This Budget will invest $75,000 to construct the first of what is envisioned to be multiple baseball diamonds at the Libro and earmarks $75,000 to refurbish and relocate the skate park, setting it atop a fresh pad of smooth concrete beneath lights so the kids can skate, scoot and cycle in the evening. There is also $50,000 to upgrade the Splash Pad at Toddy Jones Park, $25,000 to refurbish the tennis and pickle ball facility at Malden Park and $75,000 for improvements to Warren Mickle Park.
The $10.6 million capital Budget contains no planned debt-funded projects and includes more than $3 million for roads, $865,000 for culverts and bridges and more than $1.25 million for a vital project that will finally see the installation of Supervisory Control and Data Acquisition (SCADA) at our water treatment plant and tower. We are currently the only plant in Ontario without SCADA automation, which will “provide up to the minute data” allowing “for accurate and safe operations.”
Road projects include $2.2 million for the reconstruction of Fryer Street from Richmond Street to Alma Street and $100,000 for engineering work to pave the way for the reconstruction of the 8th Concession between Middle Side Road and Alma. Contingent on provincial OCIF funding the Town will complete a mill and pave project targeting Ryan Street, Lamp Drive and David Crescent in River Canard and plow nearly $1 million into a reserve to fund future projects, to be determined by Council, to help address capital demands exceeding $81 million over the next five years.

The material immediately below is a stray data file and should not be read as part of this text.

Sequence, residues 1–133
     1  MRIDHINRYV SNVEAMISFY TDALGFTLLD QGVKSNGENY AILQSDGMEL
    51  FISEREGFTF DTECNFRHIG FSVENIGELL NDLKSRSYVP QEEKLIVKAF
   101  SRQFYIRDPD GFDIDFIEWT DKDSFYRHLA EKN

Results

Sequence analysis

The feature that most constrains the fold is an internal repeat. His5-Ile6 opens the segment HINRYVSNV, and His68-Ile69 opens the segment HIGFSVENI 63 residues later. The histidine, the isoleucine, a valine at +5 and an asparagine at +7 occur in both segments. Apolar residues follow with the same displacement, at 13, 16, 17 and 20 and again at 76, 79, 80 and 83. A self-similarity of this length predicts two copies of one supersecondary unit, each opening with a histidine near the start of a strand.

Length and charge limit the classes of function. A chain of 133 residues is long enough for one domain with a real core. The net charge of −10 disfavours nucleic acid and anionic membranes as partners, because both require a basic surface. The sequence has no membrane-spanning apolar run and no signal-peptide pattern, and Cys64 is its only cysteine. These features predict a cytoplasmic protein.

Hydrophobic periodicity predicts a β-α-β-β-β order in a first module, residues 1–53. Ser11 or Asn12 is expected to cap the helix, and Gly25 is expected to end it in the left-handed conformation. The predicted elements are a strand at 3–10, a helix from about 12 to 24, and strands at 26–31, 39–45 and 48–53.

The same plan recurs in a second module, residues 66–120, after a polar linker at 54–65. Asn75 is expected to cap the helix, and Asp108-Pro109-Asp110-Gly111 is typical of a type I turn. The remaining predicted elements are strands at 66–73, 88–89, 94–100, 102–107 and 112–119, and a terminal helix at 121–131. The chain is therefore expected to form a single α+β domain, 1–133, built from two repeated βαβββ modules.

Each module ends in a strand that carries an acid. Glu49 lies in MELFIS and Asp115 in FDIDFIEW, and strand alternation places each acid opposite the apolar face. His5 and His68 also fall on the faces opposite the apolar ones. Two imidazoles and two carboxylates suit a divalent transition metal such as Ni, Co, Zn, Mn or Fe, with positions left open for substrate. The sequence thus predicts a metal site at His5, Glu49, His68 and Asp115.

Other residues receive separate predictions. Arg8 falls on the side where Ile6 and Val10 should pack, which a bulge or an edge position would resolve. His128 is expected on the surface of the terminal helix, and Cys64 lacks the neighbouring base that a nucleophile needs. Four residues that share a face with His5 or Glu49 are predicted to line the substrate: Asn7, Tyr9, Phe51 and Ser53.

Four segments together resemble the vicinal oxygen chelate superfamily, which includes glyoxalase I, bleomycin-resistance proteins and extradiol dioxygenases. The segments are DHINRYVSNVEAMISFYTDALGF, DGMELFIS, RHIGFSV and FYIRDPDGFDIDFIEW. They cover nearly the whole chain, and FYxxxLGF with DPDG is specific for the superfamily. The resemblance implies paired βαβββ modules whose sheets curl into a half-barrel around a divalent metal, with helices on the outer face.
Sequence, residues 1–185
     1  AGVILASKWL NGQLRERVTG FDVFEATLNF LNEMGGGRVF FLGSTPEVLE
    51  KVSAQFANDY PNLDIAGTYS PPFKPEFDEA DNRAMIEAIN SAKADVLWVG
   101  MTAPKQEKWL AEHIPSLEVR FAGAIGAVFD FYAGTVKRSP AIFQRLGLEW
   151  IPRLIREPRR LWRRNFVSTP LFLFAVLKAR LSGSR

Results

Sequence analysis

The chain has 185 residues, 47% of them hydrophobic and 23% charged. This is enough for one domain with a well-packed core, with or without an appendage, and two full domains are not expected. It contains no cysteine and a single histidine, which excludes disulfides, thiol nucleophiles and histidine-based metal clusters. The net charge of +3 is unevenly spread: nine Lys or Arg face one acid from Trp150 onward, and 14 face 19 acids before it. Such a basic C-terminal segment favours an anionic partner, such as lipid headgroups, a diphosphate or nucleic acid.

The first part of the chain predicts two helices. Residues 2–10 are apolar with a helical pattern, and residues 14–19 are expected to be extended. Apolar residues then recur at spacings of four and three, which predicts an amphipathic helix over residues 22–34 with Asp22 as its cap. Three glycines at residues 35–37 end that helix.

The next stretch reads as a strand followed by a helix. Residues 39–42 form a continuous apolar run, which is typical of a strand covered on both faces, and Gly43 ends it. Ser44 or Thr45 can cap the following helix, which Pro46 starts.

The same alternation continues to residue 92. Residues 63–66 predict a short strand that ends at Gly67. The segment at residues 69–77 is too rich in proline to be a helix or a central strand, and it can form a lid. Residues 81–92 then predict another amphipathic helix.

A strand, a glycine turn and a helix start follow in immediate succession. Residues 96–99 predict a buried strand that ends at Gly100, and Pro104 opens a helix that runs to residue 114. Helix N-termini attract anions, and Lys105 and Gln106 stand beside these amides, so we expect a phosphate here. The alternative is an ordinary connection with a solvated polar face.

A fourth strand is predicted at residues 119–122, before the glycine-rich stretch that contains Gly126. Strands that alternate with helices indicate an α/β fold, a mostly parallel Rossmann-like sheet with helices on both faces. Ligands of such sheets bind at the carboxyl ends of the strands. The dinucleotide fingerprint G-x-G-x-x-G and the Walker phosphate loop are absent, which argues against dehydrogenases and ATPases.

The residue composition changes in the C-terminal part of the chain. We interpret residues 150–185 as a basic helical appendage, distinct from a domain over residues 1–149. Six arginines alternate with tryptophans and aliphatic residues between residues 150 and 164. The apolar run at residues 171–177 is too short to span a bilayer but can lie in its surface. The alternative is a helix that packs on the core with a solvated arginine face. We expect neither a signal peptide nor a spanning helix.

Should the senior levels of government provide additional infrastructure funding to help promote post-pandemic growth and prosperity, and there is every reason to hope that will be a recovery strategy, the Town will be well positioned to put that money to good use addressing an infrastructure deficit greater than $181 million. There is certainly no shortage of potential projects.
Council responded to the concerns of parents about pedestrian safety in the Simcoe Street corridor in this Budget and will spend $75,000 installing a Pedestrian Crossover at the intersection of Victoria Street, close to the site of the new high school currently under construction. Earlier this year, Council lowered the speed limit to 40 km/h on Simcoe between Victoria and Pacific Avenue and that entire stretch will be designated a Community Safety Zone.
This Budget also provides for the purchase of a $460,000 grader to replace a 29-year-old model built way back when Nirvana topped the charts and Thelma and Louise were still in the theatres. It’s a big hit, no question, but this machine was expensive to repair, well beyond its life-cycle expectancy and will be put to use clearing snow in the winter. As well, this Budget invests $625,749 in Self-Contained Breathing Apparatus equipment to keep our firefighters safe and in compliance with legislation while they do their jobs.